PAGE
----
On to Southport, North Carolina

Southbound from Wrightsville Beach, it can be an easy run down the ICW and the Cape Fear River if you have the right wind and tide conditions. On the day we made the trip, it could not have been better. It was anchor up at 0730 in Wrightsville and we were tied to the town dock in Southport at 1045. Light winds and the outgoing tide made for a fast, comfortable trip and as we entered the basin at Southport, it was like seeing an old friend once again. The basin is just off the ICW channel as you make the turn off the Cape Fear River. This is a small basin with room to anchor a few boats, and several free docks available at some of the restaurants: The Provisioning Company, Fishy Fishy Cafe and The Yacht Basin Eatery. They allow overnight dockage if you eat at their establishment. There is no power or water at the docks and these are floating docks. The tidal range here is about 5 feet.

The Best Of Times, The Worst Of Times

We have had a love-hate relationship with the Atlantic Intracoastal Waterway for over 20 years. Every trip is a journey of discovery and every trip we learn something new and encounter new experiences. There are days when we are so thankful for all of the years and miles we have experienced, and there are days we wish we had stayed in bed. Heading south from Swansboro might be classified as one of those days we should have stayed in bed. But in the end, it's all part of the adventure. Our destination for the evening would be the anchorage at Wrightsville Beach. The ICW between Swansboro and Wrightsville Beach requires traveling through one of the more troubling areas of the waterway. The weather was perfect, but all did not go as planned.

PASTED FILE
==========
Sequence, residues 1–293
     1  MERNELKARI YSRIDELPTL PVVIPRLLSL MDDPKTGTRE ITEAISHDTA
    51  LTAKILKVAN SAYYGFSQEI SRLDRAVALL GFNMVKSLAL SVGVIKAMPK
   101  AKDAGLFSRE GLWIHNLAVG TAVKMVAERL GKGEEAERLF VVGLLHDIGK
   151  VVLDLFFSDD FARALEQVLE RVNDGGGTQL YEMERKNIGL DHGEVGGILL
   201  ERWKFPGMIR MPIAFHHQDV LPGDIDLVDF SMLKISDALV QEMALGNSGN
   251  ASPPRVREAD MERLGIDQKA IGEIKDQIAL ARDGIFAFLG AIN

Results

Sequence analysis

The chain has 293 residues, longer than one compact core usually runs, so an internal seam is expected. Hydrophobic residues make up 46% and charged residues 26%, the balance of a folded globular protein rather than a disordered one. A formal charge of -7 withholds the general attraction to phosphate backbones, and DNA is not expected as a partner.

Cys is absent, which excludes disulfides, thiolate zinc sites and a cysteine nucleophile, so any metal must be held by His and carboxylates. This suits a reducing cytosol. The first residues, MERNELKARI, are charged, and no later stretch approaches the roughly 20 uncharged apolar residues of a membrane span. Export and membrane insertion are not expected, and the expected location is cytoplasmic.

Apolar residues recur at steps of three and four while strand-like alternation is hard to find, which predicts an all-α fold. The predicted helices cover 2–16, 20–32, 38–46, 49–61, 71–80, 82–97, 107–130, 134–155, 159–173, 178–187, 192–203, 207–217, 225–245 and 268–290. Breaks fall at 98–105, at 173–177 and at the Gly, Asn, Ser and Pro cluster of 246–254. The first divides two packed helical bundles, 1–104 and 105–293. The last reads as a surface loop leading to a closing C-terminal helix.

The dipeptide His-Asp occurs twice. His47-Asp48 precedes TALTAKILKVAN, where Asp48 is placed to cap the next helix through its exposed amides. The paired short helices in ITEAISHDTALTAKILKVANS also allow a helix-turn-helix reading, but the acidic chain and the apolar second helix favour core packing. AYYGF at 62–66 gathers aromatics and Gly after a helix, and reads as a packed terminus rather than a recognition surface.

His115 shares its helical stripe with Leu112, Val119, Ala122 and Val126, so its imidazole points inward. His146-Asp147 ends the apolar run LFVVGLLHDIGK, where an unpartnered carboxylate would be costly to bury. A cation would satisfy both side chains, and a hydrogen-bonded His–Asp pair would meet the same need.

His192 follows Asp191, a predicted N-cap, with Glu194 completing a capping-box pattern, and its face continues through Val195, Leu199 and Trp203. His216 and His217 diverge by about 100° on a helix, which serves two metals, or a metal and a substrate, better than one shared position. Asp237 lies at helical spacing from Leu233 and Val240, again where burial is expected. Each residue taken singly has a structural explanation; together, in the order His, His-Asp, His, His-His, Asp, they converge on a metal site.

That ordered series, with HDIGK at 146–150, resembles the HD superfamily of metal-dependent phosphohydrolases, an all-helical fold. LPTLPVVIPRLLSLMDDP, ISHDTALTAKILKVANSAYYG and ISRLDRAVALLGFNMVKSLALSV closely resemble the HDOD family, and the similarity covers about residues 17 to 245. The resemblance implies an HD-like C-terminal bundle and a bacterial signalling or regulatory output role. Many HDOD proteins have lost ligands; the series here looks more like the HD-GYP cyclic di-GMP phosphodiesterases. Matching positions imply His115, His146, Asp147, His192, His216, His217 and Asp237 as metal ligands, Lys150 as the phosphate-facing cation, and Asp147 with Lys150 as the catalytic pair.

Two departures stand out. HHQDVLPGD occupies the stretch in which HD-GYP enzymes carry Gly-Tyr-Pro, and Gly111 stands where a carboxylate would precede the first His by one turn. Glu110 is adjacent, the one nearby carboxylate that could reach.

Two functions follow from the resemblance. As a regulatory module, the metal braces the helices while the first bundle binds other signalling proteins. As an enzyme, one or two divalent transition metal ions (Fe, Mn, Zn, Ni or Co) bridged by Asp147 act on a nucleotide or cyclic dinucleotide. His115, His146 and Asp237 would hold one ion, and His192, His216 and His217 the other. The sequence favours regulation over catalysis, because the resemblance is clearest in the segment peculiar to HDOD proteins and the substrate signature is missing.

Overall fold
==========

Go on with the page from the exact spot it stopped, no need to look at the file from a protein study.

On To Swansboro North Carolina

From Beaufort to Swansboro, the distance is only 33 nautical miles. After running a few more errands, we left the docks at a little after noon. I can't remember the last time our day started this late. As we keep saying, there is no place we have to be and no special time we have to be there. The best channel to use from Beaufort heading south runs along the east side of Radio Island, out toward the main inlet and shipping channel. Then it's necessary to turn back into the direction of the main Port and connect back to the Intracoastal Waterway. As we neared the commercial docks we sighted a couple on their trawler that we had met in the Sassafras River on the Chesapeake Bay. A quick call on the VHF found that w both had plans for the same destination. The next three hours were uneventful and other than the light rain and drizzle, it was a normal and easy day. The next stop was to be a Swansboro, a small town right on the waterway at statute mile 229.

The Cold Chases Us South, Bath to Beaufort, NC

We spent an additional day at the docks in Bath, NC due to high winds on the Pamlico River. The morning of our departure brought temperatures in the middle 30s, which is way too cold for the crew. Sitting at the free state dock before the sun came up required running the generator for coffee, the toaster and the microwave, but mostly to run the heater to warm up the boat. It usually is 10 degrees warmer inside the boat than outside overnight, but that's still in the 40s. It takes about an hour to get the temperatures up, and by then, breakfast is over and it's time to untie the dock lines and get underway. These are the days when we really love the inside steering station and the laptop running our navigation program at the helm.

The Towns of Washington and Bath North Carolina

Washington, NC
About 30 miles upriver from the spot where the Intracoastal Waterway crosses the Pamlico River lays the town of Washington, NC. For the many boaters that speed south to reach their winter destinations, missing these side trips is a shame. We have been just as guilty in the past, but decided that on this transit of the ICW, we would stop and smell the fish fry. The Pamlico can be daunting and a careful eye on the weather is required. The payoff to visiting this well protected harbor and yet another historic site along the North Carolina waterway is more than worth the additional time and miles.